8. McDougall GJ, Morrison IM, Stewart D, Hillman JR (1996) Plant cell walls as dietary fibre: range, structure, processing and function. Journal of the Science of Food and Agriculture 70: 133–150.

9. Aprikian O, Duclos V, Guyot S, Besson C, Manach C, et al. (2003) Apple pectin and a polyphenol-rich apple concentrate are more effective together than separately on cecal fermentations and plasma lipids in rats. The Journal of Nutrition 133: 1860–1865.

10. Lu Y, Foo LY (1997) Identification and quantification of major polyphenols in apple pomace. Food Chemistry 59: 187–194.

11. Guyot S, Marnet N, Sanoner P, Drilleau J-F (2003) Variability of the polyphenolic composition of cider apple (Malus domestica) fruits and juices. Journal of Agricultural and Food Chemistry 51: 6240–6247.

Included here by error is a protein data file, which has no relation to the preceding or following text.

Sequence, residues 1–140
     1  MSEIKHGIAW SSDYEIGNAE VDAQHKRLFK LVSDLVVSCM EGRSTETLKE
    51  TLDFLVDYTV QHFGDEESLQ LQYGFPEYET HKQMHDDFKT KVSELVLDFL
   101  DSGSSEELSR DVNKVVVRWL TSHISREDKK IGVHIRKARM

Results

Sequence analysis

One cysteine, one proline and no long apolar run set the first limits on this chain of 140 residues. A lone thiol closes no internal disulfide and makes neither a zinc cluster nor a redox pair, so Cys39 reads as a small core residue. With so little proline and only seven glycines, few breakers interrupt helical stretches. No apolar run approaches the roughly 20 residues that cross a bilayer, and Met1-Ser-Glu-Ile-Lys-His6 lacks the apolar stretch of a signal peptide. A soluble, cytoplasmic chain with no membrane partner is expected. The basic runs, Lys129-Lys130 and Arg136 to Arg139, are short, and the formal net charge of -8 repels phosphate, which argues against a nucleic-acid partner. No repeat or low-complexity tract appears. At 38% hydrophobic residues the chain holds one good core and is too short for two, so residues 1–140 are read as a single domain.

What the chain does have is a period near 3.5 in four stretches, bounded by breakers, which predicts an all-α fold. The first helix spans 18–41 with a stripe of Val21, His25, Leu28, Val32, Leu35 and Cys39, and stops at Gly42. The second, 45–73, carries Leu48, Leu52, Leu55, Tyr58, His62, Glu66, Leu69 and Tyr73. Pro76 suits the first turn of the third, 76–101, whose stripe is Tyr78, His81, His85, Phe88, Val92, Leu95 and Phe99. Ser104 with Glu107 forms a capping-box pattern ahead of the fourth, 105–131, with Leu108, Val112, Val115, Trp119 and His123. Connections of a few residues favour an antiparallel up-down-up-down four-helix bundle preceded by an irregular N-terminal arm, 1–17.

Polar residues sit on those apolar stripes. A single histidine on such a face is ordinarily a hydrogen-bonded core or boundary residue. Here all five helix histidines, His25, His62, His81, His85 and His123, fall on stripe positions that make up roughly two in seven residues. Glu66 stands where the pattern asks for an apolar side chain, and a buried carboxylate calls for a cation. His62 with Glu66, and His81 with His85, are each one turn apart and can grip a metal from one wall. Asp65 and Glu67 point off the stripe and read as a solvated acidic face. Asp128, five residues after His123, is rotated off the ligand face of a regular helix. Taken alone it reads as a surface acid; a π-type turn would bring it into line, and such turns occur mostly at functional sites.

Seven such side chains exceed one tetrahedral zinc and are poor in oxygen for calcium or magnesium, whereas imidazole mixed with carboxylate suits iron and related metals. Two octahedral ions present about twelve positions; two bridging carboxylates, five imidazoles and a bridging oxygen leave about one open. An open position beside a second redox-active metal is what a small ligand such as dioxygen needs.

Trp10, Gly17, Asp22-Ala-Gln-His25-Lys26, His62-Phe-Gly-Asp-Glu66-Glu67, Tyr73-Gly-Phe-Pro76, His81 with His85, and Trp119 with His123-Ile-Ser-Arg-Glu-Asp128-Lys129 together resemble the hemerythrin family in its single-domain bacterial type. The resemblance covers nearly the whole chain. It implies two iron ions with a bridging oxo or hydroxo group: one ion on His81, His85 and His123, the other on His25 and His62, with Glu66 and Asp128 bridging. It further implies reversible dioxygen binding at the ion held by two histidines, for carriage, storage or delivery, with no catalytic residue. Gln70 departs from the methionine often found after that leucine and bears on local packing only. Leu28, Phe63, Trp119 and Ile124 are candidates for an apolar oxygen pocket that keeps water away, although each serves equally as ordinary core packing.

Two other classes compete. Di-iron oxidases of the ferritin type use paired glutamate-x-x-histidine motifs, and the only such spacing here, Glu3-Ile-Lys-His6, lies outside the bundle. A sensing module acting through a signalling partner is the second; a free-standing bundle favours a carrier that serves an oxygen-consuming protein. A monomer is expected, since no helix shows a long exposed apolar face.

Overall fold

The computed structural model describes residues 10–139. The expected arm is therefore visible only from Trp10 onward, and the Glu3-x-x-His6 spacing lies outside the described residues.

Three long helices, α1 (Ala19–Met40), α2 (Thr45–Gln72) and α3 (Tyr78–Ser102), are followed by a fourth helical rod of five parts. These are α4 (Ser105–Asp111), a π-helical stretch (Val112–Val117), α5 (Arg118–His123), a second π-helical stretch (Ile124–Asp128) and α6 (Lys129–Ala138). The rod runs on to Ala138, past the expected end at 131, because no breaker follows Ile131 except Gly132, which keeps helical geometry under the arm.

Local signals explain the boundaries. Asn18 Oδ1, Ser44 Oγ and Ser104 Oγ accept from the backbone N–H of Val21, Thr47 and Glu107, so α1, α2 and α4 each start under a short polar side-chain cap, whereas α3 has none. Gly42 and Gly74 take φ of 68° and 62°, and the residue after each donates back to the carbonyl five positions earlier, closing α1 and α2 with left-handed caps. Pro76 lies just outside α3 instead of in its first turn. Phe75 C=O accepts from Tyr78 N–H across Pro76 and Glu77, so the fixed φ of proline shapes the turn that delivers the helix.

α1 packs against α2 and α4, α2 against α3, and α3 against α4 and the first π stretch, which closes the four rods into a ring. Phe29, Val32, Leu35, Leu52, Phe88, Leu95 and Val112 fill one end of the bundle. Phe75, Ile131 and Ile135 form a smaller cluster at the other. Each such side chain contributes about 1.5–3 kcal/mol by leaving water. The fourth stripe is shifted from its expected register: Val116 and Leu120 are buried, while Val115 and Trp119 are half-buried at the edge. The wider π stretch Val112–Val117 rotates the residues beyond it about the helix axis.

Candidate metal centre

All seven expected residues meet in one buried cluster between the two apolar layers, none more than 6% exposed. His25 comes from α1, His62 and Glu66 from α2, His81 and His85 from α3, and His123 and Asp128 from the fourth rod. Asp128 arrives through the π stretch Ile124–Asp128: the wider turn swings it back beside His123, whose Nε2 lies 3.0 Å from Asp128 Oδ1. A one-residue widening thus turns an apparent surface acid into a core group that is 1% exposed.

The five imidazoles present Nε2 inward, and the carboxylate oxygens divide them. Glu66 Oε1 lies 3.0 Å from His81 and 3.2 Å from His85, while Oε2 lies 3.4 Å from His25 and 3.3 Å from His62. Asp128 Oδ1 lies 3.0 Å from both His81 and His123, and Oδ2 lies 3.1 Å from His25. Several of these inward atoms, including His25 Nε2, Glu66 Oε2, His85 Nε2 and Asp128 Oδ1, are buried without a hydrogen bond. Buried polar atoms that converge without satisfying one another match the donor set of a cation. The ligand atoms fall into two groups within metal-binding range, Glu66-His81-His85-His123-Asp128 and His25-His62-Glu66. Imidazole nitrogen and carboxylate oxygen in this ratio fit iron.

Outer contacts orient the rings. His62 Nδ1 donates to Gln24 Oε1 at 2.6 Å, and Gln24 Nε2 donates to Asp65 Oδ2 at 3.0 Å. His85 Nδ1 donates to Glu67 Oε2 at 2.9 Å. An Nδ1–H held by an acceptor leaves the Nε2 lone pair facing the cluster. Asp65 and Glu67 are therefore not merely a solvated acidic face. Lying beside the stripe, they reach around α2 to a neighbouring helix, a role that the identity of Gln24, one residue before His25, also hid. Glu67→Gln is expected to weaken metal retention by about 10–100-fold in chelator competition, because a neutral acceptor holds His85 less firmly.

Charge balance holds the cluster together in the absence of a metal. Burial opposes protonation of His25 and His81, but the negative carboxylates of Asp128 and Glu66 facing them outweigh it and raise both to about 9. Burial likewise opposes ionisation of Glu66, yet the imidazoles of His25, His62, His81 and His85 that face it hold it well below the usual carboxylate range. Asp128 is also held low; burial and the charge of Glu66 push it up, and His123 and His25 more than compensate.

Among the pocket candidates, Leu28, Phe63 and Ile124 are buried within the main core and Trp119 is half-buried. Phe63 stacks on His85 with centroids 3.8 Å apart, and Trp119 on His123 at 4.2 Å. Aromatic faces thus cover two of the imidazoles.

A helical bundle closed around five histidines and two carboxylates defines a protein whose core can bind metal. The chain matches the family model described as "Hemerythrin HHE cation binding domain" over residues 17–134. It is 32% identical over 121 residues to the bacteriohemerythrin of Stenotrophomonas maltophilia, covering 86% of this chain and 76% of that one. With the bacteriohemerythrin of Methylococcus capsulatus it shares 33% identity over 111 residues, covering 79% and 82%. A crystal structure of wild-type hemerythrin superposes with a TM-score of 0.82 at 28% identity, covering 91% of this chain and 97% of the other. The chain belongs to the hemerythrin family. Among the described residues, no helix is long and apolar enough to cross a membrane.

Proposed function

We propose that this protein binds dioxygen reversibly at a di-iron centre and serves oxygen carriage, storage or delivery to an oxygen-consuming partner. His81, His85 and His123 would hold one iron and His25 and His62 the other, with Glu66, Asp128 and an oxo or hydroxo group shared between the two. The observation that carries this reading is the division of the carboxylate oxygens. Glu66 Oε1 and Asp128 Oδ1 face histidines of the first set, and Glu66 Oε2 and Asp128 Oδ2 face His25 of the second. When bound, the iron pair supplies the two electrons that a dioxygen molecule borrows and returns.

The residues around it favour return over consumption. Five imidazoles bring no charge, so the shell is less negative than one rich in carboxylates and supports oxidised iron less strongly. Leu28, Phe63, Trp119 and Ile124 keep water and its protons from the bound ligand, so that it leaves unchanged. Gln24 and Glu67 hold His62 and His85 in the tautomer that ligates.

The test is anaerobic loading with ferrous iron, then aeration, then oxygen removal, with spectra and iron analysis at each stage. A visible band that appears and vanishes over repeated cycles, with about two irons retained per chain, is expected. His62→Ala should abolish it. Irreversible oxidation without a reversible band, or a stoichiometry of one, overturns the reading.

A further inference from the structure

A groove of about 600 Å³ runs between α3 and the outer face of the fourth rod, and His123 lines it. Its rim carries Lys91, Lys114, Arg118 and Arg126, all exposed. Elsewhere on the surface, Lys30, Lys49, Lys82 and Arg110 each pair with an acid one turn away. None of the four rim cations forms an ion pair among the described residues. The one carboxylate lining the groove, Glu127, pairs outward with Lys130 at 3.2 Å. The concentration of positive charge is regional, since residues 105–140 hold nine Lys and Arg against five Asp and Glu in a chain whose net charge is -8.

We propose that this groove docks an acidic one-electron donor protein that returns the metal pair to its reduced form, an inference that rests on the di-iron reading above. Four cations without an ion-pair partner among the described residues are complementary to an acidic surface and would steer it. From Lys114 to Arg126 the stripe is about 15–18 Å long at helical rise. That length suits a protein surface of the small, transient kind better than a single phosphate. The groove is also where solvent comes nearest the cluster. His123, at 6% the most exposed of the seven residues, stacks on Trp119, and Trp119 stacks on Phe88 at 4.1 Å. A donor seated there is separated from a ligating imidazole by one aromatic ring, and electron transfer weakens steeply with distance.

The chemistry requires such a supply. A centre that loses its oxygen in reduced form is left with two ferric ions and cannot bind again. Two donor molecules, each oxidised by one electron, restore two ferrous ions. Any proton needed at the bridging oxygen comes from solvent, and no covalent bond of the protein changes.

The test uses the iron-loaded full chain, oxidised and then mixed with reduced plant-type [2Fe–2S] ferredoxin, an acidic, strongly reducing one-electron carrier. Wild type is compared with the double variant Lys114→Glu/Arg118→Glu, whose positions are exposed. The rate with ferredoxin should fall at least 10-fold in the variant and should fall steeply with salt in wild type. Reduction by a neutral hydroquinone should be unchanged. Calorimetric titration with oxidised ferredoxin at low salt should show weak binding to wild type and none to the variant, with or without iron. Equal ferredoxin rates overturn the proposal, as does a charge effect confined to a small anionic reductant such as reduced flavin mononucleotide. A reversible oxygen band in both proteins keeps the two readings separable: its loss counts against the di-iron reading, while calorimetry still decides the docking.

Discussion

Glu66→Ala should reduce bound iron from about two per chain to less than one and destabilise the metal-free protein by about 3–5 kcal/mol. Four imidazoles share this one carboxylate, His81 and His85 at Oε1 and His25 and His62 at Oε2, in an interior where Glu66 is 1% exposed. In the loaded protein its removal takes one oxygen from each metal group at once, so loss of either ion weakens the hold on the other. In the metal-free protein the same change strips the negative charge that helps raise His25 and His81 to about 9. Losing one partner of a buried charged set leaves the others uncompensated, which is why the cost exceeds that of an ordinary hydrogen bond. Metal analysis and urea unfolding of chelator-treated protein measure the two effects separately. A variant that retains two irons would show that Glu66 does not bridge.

12. Tsao R, Yang R, Young J, Zhu H (2003) Polyphenolic profiles in eight apple cultivars using high-performance liquid chromatography (HPLC). Journal of Agricultural and Food Chemistry 51: 6347–6353.

13. Alonso-Salces RM, Guyot S, Herrero C, Berrueta LA, Drilleau J-F, et al. (2004) Chemometric characterisation of Basque and French ciders according to their polyphenolic profiles. Analytical and Bioanalytical Chemistry 379: 464–475. 14. Kahle K, Krauss M, Richling E (2005) Polyphenol profiles of apple juices.

Molecular Nutrition and Food Research 49: 797–806.

15. Hoffmann L, Besseau S, Geoffroy P, Ritzenthaler C, Meyer D, et al. (2004) Silencing of hydroxycinnamoyl-coenzyme A shikimate/quinate hydroxycinna-moyltransferase affects phenylpropanoid biosynthesis. Plant Cell 16: 1446–1465. 16. Winkel BSJ (2006) The biosynthesis of flavonoids. In: Grotewold E, editor. The

Science of Flavonoids. Columbus. pp. 26.

17. He F, Pan Q-H, Shi Y, Duan C-Q (2008) Biosynthesis and genetic regulation of proanthocyanidins in plants. Molecules 13: 2674–2703.

18. Fowler ZL, Koffas MAG (2009) Biosynthesis and biotechnological production of flavanones: current state and perspectives. Applied Microbiology and Biotech-nology 83: 799–808.